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We are all used to those great BOGO deals (Buy One Get One) when food shopping, but there was the equivalent of Buy One Get Two free at Memorial Hall on the University of North Carolina at Chapel Hill campus. Carolina Performing Arts presented the Count Basie Orchestra and included the great vocal quartet New York Voices as well as singer Diane Schuur, both who have a long relationship with this great and enduring big band.
William "Count" Basie (1904 - 1984) started up his band in Kansas City in 1935 and throughout the years assembled some of the greatest section musicians, soloists, arrangers and composers during an era when big bands were as ubiquitous as iPhones are today. Now in its 81st year, the Count Basie Orchestra continues its high level of musicianship with a lineup that includes several players whom Basie himself hired, as well as younger members that exemplify the high standards of this iconic ensemble. This is no "tribute" band – it is the real deal that continues to have the stamp of Basie as its starts its ninth decade of touring.
Taking over the leadership role is trumpeter Scotty Barnhart. He has a wonderful presence. He told some great stories and announced every selection, including the songwriter, arranger and the soloists. He also played some lovely, lyrical solos. They started out with a tune called "Hey Jim," not one of their most recognizable numbers but a great vehicle for the band. As a result of this orchestra's enormous fame, they have appeared in many movies, most curiously quite a few of Jerry Lewis'! But probably their most famous appearance was in Mel Brooks' Blazing Saddles where, out in the desert, they played their signature work "April in Paris." As they played it here in Chapel Hill, you could see smiles of recognition and remembrance on the faces in the audience of those who recall that major hit from their youth. They moved on to "In the Wee Small Hours of the Morning," the epitome of cry-in-your-drink ballads made famous by Frank Sinatra, who paired with Basie on several classic albums.
During their heyday, most big bands almost always featured a singer, and the Basie Orchestra continues that tradition. First up on that count (no pun intended) was New York Voices, a vocal quartet in the tradition of Singers Unlimited, Lambert, Hendricks and Ross, and Manhattan Transfer. Members Kim Nazarian, Lauren Kinhan, Darmon Meader and Peter Eldridge harmonize in songs from every conceivable genre, but tonight it was all straight-ahead jazz. They started out with a classic song from the Ellington songbook, "In a Mellow Tone" and we heard a beautiful example of their close knit harmonies. The highlight of their set was a nearly note-for-note performance of one of the greatest vocal performances: "Cloudburst" as recorded by Lambert, Hendricks and Ross. For the most part, New York Voices' performance and arrangements of up-tempo songs were more successful than their ballads. Their versions of "For All We Know" and Nancy Wilson's heartbreaker "Save Your Love for Me" came off as a bit tepid.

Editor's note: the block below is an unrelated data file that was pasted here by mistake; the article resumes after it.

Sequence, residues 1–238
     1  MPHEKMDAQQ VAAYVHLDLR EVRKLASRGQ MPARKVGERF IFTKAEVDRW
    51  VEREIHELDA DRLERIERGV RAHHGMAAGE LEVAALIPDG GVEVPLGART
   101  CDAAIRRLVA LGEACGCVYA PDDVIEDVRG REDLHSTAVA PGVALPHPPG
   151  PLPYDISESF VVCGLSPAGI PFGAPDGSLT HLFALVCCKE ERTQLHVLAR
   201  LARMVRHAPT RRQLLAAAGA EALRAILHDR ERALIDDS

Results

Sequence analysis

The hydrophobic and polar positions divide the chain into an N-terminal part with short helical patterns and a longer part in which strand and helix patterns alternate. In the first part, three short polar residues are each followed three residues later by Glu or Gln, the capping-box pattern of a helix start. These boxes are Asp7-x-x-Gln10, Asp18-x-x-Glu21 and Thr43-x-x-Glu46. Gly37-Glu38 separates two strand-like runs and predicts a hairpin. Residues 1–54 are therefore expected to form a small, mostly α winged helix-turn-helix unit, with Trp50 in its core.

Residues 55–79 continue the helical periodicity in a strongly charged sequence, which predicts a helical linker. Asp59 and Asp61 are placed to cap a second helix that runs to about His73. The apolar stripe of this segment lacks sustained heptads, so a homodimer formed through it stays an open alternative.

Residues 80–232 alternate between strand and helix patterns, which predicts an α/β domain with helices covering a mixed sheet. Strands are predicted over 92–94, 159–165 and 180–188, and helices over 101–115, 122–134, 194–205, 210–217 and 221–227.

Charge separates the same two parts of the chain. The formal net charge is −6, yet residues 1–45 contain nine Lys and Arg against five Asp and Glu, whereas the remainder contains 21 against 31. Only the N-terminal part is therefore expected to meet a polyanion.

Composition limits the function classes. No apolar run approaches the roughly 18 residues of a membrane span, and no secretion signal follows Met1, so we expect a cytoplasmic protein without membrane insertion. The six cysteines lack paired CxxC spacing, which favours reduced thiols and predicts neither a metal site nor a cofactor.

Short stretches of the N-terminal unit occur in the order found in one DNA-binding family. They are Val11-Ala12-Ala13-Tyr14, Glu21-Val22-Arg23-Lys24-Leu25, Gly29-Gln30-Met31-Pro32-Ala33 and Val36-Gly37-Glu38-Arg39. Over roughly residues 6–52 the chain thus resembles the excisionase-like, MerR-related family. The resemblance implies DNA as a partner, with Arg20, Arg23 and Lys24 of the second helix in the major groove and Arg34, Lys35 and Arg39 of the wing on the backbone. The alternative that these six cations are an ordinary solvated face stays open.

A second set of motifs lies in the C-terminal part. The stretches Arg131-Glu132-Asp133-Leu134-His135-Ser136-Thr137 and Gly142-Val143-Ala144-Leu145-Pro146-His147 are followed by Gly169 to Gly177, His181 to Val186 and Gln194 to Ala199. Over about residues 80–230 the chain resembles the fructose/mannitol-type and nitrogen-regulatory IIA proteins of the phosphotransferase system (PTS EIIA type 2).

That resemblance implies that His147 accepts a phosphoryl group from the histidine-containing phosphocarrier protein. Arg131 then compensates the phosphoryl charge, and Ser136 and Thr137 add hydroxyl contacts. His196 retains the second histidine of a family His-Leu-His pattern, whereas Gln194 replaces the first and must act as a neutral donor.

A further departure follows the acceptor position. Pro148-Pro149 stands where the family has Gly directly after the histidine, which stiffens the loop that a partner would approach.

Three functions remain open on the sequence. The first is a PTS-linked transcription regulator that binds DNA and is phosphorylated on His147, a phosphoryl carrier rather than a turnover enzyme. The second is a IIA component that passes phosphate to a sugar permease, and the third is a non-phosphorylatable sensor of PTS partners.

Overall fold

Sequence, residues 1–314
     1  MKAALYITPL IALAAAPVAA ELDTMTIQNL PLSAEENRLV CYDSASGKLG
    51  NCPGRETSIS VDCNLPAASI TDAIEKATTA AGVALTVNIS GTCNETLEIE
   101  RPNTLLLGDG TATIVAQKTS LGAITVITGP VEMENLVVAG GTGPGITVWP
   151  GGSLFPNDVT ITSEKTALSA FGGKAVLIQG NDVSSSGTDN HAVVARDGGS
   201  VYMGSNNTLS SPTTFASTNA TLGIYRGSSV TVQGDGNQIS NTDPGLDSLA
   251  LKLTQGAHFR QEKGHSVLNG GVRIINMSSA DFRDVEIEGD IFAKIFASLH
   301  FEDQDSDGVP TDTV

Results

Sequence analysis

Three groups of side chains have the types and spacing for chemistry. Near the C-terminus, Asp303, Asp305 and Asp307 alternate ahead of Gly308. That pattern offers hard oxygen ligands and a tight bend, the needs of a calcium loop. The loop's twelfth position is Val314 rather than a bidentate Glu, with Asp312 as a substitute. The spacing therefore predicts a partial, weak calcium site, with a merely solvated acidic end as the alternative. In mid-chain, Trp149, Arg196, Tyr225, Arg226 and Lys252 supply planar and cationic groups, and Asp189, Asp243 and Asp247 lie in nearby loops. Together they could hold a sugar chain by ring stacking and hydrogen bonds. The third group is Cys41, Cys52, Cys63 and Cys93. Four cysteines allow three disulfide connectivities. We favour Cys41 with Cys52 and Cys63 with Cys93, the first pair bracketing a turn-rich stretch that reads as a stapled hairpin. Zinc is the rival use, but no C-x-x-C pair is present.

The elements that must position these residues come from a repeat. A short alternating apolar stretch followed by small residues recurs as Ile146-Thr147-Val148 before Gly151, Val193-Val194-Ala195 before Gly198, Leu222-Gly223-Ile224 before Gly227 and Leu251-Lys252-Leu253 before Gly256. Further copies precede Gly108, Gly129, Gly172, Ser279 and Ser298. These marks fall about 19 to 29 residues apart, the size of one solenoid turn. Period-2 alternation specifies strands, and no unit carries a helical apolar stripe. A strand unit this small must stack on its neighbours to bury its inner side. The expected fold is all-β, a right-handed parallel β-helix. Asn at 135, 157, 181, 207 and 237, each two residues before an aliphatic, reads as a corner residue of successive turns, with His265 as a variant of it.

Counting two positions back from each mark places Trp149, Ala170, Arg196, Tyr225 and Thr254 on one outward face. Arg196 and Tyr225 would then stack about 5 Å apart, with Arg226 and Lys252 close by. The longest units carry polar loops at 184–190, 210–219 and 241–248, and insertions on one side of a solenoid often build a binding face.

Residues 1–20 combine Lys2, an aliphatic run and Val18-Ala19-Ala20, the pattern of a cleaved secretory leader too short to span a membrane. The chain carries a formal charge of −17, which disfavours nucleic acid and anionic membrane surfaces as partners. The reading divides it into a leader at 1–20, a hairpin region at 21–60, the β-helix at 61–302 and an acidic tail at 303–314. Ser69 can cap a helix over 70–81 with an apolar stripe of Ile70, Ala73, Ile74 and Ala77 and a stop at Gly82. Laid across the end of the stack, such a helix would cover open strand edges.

The band, of course, was masterful in the right balance between accompanying the singer and tooting its own horn, so to speak. As far as soloing, Doug Lawrence, tenor sax, dominated as featured soloist not only for the sax section but the entire band. Not quite sure why that was, as there was one trumpet solo which literally lasted only seconds of screeching high notes and a few other very brief ones.
The second half started off with Steve Allen's biggest hit and his personal theme "Start of Something Big." Another iconic Basie hit, Neal Hefti's "Lil Darlin'" was played to "oohs and ahhs" of recognition. They finished up with "Basie" – a full-out tribute that had the band swingin' so that the man himself had to be smiling.
Diane Schuur's relationship with the Count Basie Orchestra goes back more than thirty years and you can sense the musical camaraderie from the first notes. Schuur, blinded from birth by the same affliction that affected Stevie Wonder, was escorted onto the stage and helped to a chair from which she sang for the entire performance. She has a wonderfully pure and clear soprano voice and loves to match the lead trumpet for those crystal atmospheric high notes at the end of many songs. She gave a magnificent, well-balanced set ranging from sensitive ballads like "We'll be Together Again" to the hot blues number "Every Day I Have the Blues," undoubtedly sung as an homage to the late, great Joe Williams who was the singer for Basie from 1954-1961. Schuur also showed off her great scatting technique as she traded blues licks with several of the band members.
As one would expect, the finale called all forces back to the stage as Schuur, New York Voices and the Count Basie Orchestra performed a rollicking "Smack Dab in the Middle." This involved an audience singalong, and we didn't do too bad considering that we had to sing back some difficult blues vocal lines.
It was clear from this concert that the Count Basie Orchestra, and many bands like this, will continue to have a long life ahead, despite it being pronounced as a "dinosaur" many times in the past. The audience was a huge mix of ages, and I would even say at least half were under thirty; that bodes well for what should be the obvious observation that great music is forever.